Bishops and “evangelizers” can therefore glory in the “creativity” by which they adapt the liturgy, along with the faith it is meant to communicate, to suit the tastes and beliefs that “converts” already have to begin with. Indeed, we have seen that the IL regards cultural diversity as the supreme expression of the Church’s universality, and so it is this — and not sharing in the same faith, moral, sacramental, and liturgical life — that constitutes her principle of unity (110, 124). The IL suggests, further, that the mere fact of the Church’s taking on other cultures redeems them (113), as though they had no need of correction, purification, and elevation in the order of grace, so as to reflect and conduce to Christian perfection.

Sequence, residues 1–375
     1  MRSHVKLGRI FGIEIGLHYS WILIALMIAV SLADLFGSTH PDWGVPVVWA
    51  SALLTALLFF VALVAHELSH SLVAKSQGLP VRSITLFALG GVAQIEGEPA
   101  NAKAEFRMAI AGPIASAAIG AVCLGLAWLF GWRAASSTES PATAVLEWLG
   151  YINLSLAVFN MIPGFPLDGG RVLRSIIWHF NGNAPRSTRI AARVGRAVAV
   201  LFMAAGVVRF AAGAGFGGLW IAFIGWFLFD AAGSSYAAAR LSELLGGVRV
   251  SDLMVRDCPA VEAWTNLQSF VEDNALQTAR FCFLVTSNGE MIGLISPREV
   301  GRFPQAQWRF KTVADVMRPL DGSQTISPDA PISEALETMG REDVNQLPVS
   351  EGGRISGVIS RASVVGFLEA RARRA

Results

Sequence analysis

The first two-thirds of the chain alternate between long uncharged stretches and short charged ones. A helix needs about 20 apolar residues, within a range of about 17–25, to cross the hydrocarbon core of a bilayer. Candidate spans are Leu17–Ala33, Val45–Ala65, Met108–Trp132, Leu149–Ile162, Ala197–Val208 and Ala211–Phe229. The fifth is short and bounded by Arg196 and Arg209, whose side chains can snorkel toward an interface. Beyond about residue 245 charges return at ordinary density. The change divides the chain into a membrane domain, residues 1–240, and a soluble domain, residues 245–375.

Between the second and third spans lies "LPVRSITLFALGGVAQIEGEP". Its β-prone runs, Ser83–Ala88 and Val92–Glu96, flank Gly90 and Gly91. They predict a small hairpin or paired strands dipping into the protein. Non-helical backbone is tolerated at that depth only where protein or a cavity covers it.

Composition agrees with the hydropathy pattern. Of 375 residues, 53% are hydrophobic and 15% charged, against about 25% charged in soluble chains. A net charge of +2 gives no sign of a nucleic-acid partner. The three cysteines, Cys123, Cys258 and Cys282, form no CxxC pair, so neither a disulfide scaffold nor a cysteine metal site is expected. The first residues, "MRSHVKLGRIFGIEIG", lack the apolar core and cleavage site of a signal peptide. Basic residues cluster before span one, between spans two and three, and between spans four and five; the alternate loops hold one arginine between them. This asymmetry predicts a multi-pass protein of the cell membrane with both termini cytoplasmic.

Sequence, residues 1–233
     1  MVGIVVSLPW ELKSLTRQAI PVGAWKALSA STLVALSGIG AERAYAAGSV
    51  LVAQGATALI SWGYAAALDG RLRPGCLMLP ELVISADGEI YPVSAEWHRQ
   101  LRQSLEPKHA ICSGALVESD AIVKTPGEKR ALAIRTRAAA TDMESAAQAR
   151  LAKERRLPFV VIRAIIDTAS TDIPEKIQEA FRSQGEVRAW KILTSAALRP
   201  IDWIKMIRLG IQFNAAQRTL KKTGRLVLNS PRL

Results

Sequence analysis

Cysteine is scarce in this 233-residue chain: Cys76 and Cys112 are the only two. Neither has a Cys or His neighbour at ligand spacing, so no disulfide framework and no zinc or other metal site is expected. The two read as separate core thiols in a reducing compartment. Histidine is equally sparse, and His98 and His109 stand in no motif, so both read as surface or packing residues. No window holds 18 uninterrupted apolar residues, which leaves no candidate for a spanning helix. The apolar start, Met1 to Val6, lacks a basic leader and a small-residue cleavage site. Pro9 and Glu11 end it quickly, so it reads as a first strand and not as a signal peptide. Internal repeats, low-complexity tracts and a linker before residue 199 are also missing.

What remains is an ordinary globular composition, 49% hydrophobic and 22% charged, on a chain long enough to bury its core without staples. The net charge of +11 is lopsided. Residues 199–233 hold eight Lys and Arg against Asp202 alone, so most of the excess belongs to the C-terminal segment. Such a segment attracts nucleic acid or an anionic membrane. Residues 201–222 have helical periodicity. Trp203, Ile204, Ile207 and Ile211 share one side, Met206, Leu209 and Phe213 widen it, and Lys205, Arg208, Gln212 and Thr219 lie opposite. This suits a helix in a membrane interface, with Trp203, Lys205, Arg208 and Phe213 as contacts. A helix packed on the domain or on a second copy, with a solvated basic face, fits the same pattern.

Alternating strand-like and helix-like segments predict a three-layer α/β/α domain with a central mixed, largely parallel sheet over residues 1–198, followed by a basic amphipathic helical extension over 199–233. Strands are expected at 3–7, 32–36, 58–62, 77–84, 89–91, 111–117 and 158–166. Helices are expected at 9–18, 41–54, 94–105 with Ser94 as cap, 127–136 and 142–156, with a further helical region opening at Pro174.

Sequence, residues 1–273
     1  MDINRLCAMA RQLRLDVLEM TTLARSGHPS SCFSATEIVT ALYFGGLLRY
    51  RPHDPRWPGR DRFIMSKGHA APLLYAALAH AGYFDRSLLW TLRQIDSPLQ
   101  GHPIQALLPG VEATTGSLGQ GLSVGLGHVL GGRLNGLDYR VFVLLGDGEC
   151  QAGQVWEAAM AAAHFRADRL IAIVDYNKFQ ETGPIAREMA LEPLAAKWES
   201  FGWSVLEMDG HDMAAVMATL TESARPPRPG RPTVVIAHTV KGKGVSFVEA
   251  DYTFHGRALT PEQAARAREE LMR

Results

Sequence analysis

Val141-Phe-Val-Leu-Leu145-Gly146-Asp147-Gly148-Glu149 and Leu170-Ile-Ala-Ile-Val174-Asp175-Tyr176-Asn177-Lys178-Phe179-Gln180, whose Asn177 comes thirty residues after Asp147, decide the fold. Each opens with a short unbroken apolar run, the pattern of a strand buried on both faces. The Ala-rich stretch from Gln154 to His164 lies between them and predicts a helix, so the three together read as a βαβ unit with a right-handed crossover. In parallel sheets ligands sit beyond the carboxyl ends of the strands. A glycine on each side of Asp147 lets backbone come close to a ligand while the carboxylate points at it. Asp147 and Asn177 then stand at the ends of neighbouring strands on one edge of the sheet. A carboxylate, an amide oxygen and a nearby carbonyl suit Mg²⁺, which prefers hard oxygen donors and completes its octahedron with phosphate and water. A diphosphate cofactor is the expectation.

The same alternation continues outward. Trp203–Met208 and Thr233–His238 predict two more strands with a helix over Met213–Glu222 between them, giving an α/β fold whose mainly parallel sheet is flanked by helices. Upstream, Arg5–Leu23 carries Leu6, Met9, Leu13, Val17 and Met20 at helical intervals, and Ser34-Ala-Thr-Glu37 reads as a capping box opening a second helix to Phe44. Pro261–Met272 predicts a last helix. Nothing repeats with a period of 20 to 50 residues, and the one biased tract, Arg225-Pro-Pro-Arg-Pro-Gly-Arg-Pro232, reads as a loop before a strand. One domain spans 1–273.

Locating beliefs about God in interior “revelations” about the meaning of one’s concrete, life experiences immunizes them from being questioned or refuted by anyone else. Only “petrified doctrine” — a pejorative allusion to the absolute truth claims of Catholic Christianity — must be rejected, since “truth,” and the knowledge of it, are always evolving, and so can never be known absolutely. The Abu Dhabi Declaration that Pope Francis signed onto with a Muslim leader, which states that God wills the pluralism and diversity of religions, presupposes this kind of religious relativism, giving the IL’s authors carte blanche to promote it. (In stating also that God wills the pluralism and diversity of “sex,” and that “each individual enjoys the freedom of belief, thought, expression, and action,” the declaration will likewise give ecclesial voices promoting “sexual diversity,” as the IL does covertly, the “official” justification they need push their destructive agenda further.)